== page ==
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preached before him by his chaplain; again, before my eldest brother at Stanno, near Houghton; and was afterwards published in the Aedes Walpolianae.
June 18th, 1743, was printed, in a weekly paper called Old England, or the Constitutional Journal, my Parody on some Scenes of Macbeth, called The Dear Witches. It was a ridicule of the new ministry.
The same summer, I wrote Patapan, or the Little White Dog, a tale, imitated from Fontaine; it was never printed.
October 22nd, 1743, was published No. 38 of the Old England Journal, written by me to ridicule Lord Bath. It was reprinted with three other particular numbers.
In the summer of 1744 I wrote a parody of a scene in Corneille's Cinna', the interlocutors, Mr.Pelham, Mr. Arundel, and Mr. Selwyn.
My father died March 28th, 1745. He left me the house in Arlington Street in which he died, 5,000?. in money, and 1,OOOZ. a year from the Collector's place in the Custom House, and the surplus to be divided between my brother Edward and me.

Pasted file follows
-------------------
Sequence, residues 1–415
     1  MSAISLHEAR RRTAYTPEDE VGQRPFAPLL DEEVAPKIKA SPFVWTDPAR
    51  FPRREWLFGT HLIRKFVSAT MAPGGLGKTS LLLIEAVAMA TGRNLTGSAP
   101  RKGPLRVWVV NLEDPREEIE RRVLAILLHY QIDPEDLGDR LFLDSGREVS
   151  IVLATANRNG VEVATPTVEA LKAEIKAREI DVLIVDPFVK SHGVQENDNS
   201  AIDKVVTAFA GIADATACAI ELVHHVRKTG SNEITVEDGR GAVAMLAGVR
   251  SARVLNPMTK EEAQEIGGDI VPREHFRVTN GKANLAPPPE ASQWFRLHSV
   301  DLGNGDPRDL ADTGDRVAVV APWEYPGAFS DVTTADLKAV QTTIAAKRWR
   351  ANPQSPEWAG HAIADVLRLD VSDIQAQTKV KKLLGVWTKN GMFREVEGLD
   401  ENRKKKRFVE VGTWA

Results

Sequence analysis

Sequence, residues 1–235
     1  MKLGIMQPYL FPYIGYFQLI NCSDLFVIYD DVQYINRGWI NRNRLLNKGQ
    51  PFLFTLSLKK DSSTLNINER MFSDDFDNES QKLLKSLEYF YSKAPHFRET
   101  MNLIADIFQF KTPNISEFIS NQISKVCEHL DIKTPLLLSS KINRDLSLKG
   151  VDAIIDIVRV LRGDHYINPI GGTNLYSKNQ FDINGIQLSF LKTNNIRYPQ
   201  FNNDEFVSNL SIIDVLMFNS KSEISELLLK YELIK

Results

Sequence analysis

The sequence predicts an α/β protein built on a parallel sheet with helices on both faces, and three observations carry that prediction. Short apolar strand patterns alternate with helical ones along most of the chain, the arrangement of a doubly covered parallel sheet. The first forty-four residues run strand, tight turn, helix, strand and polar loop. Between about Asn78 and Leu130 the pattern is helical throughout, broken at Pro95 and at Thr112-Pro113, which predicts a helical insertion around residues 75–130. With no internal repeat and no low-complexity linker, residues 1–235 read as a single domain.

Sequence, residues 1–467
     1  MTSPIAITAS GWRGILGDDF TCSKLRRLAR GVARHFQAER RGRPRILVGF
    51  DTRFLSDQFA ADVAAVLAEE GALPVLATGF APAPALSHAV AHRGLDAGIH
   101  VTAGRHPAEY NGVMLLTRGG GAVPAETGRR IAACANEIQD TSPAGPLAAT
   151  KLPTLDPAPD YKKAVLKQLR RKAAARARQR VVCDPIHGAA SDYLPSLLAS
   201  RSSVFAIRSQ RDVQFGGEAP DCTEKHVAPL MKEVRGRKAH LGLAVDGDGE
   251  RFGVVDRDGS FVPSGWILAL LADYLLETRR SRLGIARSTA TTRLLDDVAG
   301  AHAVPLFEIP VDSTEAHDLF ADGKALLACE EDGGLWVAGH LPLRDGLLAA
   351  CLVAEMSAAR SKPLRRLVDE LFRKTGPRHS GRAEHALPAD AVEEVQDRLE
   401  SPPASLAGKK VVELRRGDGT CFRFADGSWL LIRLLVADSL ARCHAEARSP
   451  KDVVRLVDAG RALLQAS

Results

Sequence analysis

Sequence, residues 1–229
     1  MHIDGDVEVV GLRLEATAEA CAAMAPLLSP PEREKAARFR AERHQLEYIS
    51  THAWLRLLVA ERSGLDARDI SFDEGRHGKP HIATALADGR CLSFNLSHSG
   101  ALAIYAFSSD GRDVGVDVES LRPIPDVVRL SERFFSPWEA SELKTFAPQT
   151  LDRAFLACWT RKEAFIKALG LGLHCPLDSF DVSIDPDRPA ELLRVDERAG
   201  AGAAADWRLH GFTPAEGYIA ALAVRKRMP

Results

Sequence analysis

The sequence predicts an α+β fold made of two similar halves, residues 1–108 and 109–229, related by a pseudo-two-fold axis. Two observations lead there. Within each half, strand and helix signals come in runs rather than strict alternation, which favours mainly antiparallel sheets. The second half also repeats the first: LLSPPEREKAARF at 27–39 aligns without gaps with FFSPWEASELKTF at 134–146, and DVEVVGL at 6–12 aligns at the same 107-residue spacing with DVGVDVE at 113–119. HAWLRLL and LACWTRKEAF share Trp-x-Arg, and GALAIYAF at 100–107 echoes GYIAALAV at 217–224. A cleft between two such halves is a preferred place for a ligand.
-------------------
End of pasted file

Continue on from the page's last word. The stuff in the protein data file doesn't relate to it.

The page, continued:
April 12th, 1746, was published, in a magazine called TJie Museum, my Scheme for a Tax on Message Cards and Notes; and soon after, An Advertisement of a pretended new loolt, which I had written in Florence in 1741.
In July of the same year, I wrote TJie Beauties, which was handed about till it got into print, very incorrectly.
In August I took a house within the precincts of the Castle at Windsor.
November 4th and 5th, Mrs. Pritchard spoke my Epi-^ logue to Tamerlane on the suppression of the Kebellion, at the theatre in Covent Garden; it was printed by Dodsley the next day.